It’s Another “Alternate Versions” Art Preview

Well, since I wasn’t quite satisfied with the article I’d planned to post today, I thought that I’d show off some alternate versions of a few of next year’s art instead 🙂

As I’ve mentioned before, many of next year’s paintings/drawings will be realistic landscapes based on photos I’ve taken (I’ve kind of had to go in this direction due to various planning time, inspiration etc.. related reasons). Most of the alternate versions here are earlier “work in progress” versions with fewer digital effects than in the finished versions.

Anyway, enjoy 🙂

“Waterlooville – And Once A Pub (with less digital FX/ editing)” By C. A. Brown

“Fareham Creek – Window (version with less digital editing)” By C. A. Brown

“Portsdown Hill – Field (brighter version with unfinished sky)” By C. A. Brown

“Privett – Church Tower (version with less digital editing)” By C. A. Brown

“Massey’s Folly – Victoriana (greyscale version)” By C. A. Brown

“Portsdown Hill – Below (version with less digital editing)” By C. A. Brown


The Complete “Work In Progress” Line Art For My “Damania Resurfaced” Webcomic Mini Series

Well, as usual, I thought that I’d show off the “work in progress” line art for my latest webcomic mini series.

If I remember rightly, there were slightly more dialogue changes between the line art and the finished comics than usual in this mini series. Most of these changes can be seen (in a scribbled-out form) in the “late night TV” comic, mostly because I’d originally planned to include comments about censorship and “British prudishness” (which I changed to “old-fashioned prudishness” in the finished comic since it seemed a little odd/redundant in context).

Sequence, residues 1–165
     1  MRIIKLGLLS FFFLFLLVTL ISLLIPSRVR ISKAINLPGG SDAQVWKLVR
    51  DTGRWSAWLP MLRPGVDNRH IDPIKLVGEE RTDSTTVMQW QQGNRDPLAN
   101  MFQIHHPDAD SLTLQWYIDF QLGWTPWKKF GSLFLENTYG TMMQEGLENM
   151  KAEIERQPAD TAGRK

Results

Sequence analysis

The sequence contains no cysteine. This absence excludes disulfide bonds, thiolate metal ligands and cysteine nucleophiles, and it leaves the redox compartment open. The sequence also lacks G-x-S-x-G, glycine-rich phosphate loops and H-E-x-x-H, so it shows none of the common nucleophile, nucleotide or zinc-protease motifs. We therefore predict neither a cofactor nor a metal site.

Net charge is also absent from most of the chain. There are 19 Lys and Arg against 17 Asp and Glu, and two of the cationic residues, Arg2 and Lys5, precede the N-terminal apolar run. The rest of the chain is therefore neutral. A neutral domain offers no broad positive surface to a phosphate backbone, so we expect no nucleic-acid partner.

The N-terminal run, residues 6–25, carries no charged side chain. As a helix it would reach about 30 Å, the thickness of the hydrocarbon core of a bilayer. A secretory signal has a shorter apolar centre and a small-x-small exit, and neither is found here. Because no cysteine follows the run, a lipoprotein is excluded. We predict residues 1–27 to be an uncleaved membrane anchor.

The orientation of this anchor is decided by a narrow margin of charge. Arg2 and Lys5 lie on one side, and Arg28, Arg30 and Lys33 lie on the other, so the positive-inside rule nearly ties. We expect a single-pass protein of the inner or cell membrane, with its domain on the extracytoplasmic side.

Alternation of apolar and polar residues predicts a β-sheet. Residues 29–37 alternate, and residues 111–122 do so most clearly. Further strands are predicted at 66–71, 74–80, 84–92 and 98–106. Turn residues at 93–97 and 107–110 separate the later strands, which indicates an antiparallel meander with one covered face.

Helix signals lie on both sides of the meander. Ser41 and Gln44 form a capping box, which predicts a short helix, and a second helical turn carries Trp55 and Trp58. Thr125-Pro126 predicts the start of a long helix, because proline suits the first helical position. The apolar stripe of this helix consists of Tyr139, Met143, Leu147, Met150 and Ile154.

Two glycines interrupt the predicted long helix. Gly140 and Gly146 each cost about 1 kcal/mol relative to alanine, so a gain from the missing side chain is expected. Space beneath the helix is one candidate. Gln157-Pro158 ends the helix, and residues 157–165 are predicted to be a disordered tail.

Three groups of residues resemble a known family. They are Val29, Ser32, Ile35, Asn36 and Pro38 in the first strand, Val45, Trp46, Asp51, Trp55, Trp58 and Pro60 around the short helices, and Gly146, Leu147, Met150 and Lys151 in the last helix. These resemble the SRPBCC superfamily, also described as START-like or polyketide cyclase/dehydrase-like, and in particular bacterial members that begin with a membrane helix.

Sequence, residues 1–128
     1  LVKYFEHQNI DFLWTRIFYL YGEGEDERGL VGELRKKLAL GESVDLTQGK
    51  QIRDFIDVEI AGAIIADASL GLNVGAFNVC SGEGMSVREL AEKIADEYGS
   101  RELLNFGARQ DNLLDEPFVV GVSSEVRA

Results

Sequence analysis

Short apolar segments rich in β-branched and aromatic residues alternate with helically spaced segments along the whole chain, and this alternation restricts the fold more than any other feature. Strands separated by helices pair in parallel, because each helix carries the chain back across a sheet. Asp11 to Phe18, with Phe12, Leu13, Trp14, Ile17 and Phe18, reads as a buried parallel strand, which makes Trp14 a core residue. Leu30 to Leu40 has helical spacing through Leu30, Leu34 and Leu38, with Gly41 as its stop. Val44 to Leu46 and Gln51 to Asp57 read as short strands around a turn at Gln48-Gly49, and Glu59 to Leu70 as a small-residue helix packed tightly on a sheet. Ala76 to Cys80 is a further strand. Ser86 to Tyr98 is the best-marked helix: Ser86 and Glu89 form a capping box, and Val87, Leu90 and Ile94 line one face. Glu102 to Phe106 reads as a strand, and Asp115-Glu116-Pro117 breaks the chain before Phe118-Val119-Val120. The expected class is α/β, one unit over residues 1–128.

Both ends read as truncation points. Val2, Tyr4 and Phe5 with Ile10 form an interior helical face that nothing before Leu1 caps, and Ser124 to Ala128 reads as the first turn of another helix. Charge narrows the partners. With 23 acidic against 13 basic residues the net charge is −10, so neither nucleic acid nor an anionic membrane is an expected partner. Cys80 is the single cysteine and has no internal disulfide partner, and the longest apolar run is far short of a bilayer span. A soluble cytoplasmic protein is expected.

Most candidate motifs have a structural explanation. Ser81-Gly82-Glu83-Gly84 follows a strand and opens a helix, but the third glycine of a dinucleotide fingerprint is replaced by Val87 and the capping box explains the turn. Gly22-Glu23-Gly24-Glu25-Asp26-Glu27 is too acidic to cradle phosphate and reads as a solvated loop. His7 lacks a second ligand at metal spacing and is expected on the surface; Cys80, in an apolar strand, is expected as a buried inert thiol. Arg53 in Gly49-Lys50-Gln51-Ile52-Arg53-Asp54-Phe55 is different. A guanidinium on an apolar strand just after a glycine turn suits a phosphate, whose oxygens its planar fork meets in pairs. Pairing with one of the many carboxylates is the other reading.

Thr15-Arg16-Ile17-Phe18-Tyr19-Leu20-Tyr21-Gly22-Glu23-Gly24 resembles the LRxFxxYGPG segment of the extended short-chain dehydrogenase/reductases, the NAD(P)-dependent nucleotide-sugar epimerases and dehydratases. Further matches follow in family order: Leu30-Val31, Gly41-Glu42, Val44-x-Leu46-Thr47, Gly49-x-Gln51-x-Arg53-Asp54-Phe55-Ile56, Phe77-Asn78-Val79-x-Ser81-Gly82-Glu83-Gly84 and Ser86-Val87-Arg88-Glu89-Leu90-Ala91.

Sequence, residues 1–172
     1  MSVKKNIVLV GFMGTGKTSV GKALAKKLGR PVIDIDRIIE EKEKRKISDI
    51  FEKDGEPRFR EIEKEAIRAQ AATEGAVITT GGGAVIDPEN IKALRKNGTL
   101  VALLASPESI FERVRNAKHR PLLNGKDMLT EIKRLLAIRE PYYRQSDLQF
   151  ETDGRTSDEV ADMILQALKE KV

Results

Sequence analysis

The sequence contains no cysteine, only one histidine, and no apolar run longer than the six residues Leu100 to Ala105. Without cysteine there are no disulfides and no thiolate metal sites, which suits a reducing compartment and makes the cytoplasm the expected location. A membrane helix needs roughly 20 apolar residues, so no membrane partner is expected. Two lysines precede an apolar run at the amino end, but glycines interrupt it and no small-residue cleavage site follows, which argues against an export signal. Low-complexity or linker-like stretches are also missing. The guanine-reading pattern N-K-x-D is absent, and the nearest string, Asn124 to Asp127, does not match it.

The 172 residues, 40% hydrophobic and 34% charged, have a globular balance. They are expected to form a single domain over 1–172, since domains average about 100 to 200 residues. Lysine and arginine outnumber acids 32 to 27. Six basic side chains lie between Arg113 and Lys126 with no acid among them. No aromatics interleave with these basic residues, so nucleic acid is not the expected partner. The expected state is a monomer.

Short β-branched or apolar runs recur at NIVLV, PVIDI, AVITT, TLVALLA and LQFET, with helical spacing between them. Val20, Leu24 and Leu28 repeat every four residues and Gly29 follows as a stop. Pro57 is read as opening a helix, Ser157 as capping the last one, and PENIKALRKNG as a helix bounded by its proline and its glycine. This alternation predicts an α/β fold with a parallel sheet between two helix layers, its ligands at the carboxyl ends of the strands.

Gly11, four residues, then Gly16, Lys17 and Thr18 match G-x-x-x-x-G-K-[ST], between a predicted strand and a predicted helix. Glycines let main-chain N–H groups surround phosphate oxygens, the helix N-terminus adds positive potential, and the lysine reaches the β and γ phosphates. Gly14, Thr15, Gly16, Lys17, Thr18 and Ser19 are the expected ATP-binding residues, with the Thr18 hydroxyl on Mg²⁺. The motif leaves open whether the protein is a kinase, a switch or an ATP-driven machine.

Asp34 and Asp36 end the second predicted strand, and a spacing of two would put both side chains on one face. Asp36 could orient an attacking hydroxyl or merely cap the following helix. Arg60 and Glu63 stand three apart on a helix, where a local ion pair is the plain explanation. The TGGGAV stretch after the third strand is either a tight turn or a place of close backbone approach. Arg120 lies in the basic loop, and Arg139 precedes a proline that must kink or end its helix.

The third comic also had a dialogue change too. Originally, I’d planned to show Derek ranting about political criticism of videogames (in a troll-like fashion) but I was worried that, if people hadn’t seen the series before, they might not understand the characters or that it was satire. So, in the finished comic, I changed this dialogue to cartoon-like symbolic profanity (eg: &*%$!! etc..).

Likewise, the last comic in this mini series contains a scribbled-out line of dialogue (which originally read “Nonsense, I’m sure the government…”, I think).

As usual, you can click on each piece of line art to see a larger version of it if it’s too small to read here.

“Damania Resurfaced- Utopia (Line Art)” By C. A. Brown

“Damania Resurfaced- Late Night TV (Line Art)” By C. A. Brown

“Damania Resurfaced- History (Line Art)” By C. A. Brown

“Damania Resurfaced- Second Thoughts (Line Art)” By C. A. Brown

“Damania Resurfaced- Portable (Line Art)” By C. A. Brown

“Damania Resurfaced- Future (Line Art)” By C. A. Brown

How Artists Work Out Their “Process”

If you’re new to making art or are curious about making art, it can sometimes be strange to read about how artists make their work look like their own work. Often, artists will do very specific things, follow their own rules, use very specific types of materials etc… and you might be wondering “how did they work that out?“.

The simple answer is, of course, “trial, error, circumstances and research“.

For example, most of the techniques that I use in my own art were either the product of experimentation, gradual research and/or looking at other works of art. They are also a product of circumstances too. They make my art look a bit like this preview of a digitally-edited painting that I’ve prepared for next month:

This is a reduced-size preview. The full-size painting will be posted here on the 15th June.

For starters, my rule that “30-50% of the total surface area of each painting should be covered with black paint” wasn’t something that I worked out instantly. I mean, if you look at some of my older art (from back when I made pencil drawings rather than paintings), you’ll see that I don’t always follow this rule.

This is a drawing of mine from 2012. As you can see, less than 30% of the total surface area of the drawing is covered with black pencil. (“Attic Lab” By C. A. Brown